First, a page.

Inspectors from the Israel Antiquities Authorities have recently appropriated two lids of egyptian sarcophagi that in the past, contained ancient mummies. The covers were confiscated by inspectors from the Antiquities Theft Prevention Unit while inspecting shops in the market square of the Old City of Jerusalem.
The ancient lids, which are made of wood and covered with a layer of plaster, are adorned with impressive decorations and hieroglyphic paintings of ancient Egyptians. The coffins were brought in for examination on the suspicion that they were stolen property.
After undergoing an expert examination, which includes the Carbon 14 test to find out the age of the wood, they determined that the objects were authentic and they were thousands of years old: one of them dates from the period between the 10th and 8th centuries BC (Iron age) and the other between 16th and 14th centuries BC (late Bronze Age).
Because they are foreign objects made of organic material, they will be guardedunder control of weather conditions in the laboratories of the Israel Antiquities Authorities in Jerusalem. Wooden sarcophagi of this type have been found only in Egypt and it has been thanks to dry desert climate that prevails there.
It is suspected that egyptian antique thieves They looted ancient tombs in the Western Desert region of Egypt and then unknown people passed the covers smuggled from Egypt to Dubai, and from there they found a way to take them to Israel as a means of taking them to a third country in Europe.
The evidence that they have been smuggled is that they have divided the covers in two parts, what has caused irreparable damage in ancient objects. This is done to reduce the dimensions and easy concealment and transport in a standard size suitcase. Covers of this type normally cover sarcophagi made of palm wood 2 meters long, containing remains of a person's embalming. It is not known what happened to the mummies and sarcophagi.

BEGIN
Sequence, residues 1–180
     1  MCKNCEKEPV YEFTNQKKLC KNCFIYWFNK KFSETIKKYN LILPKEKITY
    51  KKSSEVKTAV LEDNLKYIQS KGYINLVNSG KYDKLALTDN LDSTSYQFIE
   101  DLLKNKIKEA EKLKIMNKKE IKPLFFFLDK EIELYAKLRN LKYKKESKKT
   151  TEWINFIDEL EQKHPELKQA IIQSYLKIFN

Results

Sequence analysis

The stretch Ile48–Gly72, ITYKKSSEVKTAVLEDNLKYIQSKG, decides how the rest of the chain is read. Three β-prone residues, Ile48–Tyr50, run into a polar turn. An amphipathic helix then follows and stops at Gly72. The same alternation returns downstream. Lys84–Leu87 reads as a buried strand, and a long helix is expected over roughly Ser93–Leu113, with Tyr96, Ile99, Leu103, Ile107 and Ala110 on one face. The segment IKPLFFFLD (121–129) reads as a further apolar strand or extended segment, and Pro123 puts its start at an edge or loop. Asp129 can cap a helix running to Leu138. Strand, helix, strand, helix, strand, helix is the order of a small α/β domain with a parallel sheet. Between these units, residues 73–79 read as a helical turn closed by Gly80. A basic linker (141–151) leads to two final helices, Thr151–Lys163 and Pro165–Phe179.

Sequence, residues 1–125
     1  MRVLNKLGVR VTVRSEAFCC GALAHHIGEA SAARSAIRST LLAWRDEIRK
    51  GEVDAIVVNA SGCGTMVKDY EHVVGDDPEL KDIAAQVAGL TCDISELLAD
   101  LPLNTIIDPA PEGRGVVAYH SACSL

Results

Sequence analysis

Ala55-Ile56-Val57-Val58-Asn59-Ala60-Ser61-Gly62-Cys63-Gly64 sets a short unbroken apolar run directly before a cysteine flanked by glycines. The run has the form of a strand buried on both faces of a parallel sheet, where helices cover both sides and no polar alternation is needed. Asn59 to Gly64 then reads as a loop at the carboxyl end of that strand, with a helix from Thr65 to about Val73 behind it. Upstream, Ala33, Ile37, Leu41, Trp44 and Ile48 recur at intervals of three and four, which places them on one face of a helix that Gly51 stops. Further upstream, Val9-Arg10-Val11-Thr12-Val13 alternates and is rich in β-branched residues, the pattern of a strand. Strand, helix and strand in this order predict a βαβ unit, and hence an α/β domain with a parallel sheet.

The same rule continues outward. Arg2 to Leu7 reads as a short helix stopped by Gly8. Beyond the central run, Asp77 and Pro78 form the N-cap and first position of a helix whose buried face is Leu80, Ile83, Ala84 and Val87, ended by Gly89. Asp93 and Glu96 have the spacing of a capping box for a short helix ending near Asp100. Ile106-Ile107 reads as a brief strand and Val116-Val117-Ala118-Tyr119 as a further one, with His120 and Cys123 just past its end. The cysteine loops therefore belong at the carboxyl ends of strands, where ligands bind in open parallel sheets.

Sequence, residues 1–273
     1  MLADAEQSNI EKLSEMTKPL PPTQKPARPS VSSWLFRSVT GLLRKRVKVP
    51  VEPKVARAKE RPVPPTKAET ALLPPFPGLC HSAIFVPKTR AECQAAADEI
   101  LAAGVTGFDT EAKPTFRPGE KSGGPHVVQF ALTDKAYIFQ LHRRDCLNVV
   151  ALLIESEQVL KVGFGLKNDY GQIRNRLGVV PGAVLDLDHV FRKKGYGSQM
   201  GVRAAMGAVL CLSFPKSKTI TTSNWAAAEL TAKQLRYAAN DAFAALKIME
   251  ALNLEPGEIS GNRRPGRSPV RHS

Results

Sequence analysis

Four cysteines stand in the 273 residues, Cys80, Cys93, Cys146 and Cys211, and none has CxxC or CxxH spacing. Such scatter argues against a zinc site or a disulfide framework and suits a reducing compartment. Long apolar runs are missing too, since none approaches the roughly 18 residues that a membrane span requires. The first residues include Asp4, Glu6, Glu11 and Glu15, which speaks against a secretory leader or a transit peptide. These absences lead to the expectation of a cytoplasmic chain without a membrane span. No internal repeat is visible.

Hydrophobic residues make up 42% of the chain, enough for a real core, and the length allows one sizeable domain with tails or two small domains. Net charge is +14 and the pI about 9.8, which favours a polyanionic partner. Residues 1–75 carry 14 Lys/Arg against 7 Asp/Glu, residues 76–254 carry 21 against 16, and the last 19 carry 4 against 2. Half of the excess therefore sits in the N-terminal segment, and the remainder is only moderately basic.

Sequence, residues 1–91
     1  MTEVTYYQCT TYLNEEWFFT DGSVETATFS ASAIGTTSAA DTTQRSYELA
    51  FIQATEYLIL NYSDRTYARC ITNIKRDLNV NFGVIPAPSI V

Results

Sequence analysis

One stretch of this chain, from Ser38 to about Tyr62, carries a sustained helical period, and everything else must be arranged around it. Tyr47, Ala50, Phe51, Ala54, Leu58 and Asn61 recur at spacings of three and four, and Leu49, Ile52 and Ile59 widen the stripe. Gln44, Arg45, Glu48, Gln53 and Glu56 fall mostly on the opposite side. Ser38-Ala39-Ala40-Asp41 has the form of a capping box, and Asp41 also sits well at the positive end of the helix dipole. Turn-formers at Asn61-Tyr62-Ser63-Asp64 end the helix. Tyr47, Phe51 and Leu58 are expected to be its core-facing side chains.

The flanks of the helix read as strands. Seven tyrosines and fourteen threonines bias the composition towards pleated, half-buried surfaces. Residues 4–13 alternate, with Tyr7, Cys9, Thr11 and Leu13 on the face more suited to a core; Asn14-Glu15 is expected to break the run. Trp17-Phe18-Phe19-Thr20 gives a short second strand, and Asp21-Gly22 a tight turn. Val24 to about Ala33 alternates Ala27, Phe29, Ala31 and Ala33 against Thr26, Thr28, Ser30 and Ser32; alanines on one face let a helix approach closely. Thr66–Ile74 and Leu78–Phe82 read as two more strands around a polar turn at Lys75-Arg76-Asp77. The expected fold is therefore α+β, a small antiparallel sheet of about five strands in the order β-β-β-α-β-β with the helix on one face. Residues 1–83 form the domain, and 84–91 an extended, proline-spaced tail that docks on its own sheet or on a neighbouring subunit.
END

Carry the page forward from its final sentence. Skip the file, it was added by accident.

The Israel Antiquities Authorities report that until recently,antique dealers and other entities have exploited loopholes why serious antiquities "cleaned" for them. These antiquities, which are alleged to have been looted from the Middle East and transported illegally, were imported into Israel by local antique dealers. In Israel, stolen antique objects always have documentation that allows them to be exported and sold to the highest bidder. During the buying and selling process, antique dealers may report that these antiques are of Israeli origin.
The regulation of the importation of antiquities from Israel has been recently modified. The new regulation, which will become effective at the end of April this year, requires a Customs declaration for importing antiques and a preliminary inspection of the items by the Israel Antiquities Authorities for the issuance of an import license.
The Israel Antiquities Authorities, in cooperation with the Tax and Customs Administration, prevent the importation of antiques into the country without proper documentation that indicate that they are illegally exported from their country of origin and significantly reduces the process of “antique wash" and the trade in stolen antiques in the Middle East.
According to Shai Bar-Tura, inspector in charge of overseeing the antiques trade on behalf of the IAA Antiquities Theft Prevention Unit, “from the 20th there will be a new reality in Israel's antiques trade. The new regulation will provide us with tools to prevent the importation into the country of stolen or smuggled antiquities into other countries, which allows us to counteract the international cycle of theft and the trade in stolen archaeological pieces.”.
The Israel Antiquities Authorities want to continue their efforts to preserve and protect valuable historical heritage of the State of Israel and help the international fight against the theft of antiquities in the Middle East.
Recently, the Egyptian authorities submitted a request asking that the covers of the stolen sarcophagi be returnees. The Egyptian request is being considered by the Israel Antiquities Authorities in cooperation with the Israeli Police and the Minister of Foreign Affairs, and the legality is being examined for to be able to return the objects to their country of origin.
With a degree in Journalism and Audiovisual Communication, since I was a child I have been attracted to the world of information and audiovisual production. Passion for informing and being informed of what is happening in every corner of the planet. Likewise, I am pleased to be part of the creation of an audiovisual product that will later entertain or inform people. My interests include cinema, photography, the environment and, above all, history. I consider it essential to know the origin of things to know where we come from and where we are going. Special interest in curiosities, mysteries and anecdotal events in our history.